Darwin's Subterranean World

Evolution, Mind, and Mating Intelligence

Evolutionary Psychology and the Human Condition

A series dedicated to applied evolutionary psychology and the human condition

The more you learn about evolutionary psychology – the idea of human behavior being best understood as a product of evolutionary forces – the more you come to see how broadly applicable this perspective on human behavior is. In fact, as I’ve argued in several of my past works (e.g., Geher, 2014), evolutionary psychology may well be the most powerful explanatory framework for understanding who we are and what we do that our kind has ever seen.

One of the most exciting features of evolutionary psychology is its broad applicability to important issues of the human condition. Armed with the powerful toolkit that is evolutionary psychology, there are great scholars out there right now shedding light on such important human issues as physical health, mental health, politics, education, and more. This field is, in fact, so hot, that there is a large-and-growing intellectual society dedicated to it – the Applied Evolutionary Psychology Society (AEPS). The work of this society is fully motivated to utilize the evolutionary approach to help address significant issues of the human condition.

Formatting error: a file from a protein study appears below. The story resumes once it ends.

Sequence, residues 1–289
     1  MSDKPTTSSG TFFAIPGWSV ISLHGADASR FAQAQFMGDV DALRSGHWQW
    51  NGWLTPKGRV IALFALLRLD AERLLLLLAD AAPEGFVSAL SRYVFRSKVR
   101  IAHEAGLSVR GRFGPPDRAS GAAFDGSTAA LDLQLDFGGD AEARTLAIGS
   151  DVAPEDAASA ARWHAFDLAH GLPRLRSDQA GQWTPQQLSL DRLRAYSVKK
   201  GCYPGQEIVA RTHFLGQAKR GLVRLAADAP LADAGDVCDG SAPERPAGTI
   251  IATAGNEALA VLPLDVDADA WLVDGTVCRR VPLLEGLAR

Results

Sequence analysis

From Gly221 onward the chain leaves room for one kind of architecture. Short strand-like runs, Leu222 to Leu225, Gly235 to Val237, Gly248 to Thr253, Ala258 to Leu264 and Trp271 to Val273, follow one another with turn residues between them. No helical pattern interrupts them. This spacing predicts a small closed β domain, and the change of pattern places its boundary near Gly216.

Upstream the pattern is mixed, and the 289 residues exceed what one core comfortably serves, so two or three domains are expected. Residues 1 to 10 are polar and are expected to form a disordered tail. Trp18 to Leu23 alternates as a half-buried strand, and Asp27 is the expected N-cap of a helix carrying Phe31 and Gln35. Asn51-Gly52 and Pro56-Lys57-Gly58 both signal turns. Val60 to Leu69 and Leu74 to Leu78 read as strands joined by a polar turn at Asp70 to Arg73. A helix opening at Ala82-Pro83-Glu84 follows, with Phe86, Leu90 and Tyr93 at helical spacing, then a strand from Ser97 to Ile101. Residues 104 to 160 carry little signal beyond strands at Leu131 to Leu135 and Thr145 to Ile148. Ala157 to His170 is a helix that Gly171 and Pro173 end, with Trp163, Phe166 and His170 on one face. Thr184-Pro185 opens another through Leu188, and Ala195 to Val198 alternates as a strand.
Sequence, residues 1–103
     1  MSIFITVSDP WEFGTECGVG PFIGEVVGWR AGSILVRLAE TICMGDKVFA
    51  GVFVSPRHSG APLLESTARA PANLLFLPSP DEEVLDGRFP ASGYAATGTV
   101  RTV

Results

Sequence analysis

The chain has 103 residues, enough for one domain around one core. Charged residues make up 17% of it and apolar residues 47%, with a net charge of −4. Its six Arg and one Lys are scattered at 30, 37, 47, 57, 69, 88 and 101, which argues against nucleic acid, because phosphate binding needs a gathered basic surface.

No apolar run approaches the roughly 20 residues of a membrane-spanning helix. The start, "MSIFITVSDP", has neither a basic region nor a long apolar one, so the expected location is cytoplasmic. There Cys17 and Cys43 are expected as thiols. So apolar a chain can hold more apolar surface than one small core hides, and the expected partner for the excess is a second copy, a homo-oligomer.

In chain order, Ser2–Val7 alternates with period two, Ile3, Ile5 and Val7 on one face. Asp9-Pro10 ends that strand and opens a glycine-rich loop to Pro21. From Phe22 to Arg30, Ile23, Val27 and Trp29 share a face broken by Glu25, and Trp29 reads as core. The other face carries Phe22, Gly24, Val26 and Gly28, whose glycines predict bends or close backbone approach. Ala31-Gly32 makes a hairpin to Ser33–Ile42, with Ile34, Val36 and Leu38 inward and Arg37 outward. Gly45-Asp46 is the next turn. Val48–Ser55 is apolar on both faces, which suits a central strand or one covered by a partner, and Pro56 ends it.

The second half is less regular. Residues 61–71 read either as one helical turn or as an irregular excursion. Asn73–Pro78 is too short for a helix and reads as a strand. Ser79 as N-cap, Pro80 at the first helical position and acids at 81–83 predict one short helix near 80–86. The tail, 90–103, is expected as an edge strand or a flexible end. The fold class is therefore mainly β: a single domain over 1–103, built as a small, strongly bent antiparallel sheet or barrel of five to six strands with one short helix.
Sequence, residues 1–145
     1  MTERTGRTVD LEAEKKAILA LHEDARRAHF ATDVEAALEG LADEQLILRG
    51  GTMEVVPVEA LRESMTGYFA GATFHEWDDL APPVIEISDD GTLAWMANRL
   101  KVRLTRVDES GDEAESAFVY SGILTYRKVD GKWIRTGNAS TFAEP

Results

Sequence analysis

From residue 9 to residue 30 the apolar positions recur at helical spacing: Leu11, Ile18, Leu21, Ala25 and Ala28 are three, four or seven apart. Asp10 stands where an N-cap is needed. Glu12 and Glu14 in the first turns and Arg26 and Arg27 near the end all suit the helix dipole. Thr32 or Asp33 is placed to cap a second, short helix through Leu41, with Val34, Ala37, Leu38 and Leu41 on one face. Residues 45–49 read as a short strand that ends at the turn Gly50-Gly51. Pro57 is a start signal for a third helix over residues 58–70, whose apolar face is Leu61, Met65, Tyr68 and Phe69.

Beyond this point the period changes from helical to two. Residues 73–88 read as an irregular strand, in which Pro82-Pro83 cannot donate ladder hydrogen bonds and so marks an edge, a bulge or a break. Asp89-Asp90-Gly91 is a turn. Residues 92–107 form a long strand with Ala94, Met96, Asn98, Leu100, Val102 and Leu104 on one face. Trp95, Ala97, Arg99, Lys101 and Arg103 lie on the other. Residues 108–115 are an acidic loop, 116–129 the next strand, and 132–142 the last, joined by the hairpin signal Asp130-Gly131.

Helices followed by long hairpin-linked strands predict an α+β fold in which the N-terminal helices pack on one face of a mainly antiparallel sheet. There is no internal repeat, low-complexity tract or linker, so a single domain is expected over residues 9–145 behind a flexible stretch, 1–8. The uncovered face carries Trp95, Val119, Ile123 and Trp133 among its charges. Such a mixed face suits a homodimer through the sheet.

This series of blogs, broadly titled Evolutionary Psychology and Improvements in the Human Condition, is my attempt to provide snapshots of this exciting field of applied evolutionary psychology. Part One of this series, focused on the nature of physical health, is found here.

My hope for this blog series is that readers will do the following:

  • Gain new and useful insights into important social issues;
  • See how powerful the evolutionary approach is to understanding the human condition;
  • Develop their own ideas on issues of humanity that are inspired by the evolutionary perspective;

and, of course,

  • Enjoy it.

 

References and Further Reading

Geher, G. (2014). Evolutionary Psychology 101. New York: Springer.

 

Glenn Geher, Ph.D., is professor and chair of psychology at the State University of New York at New Paltz.

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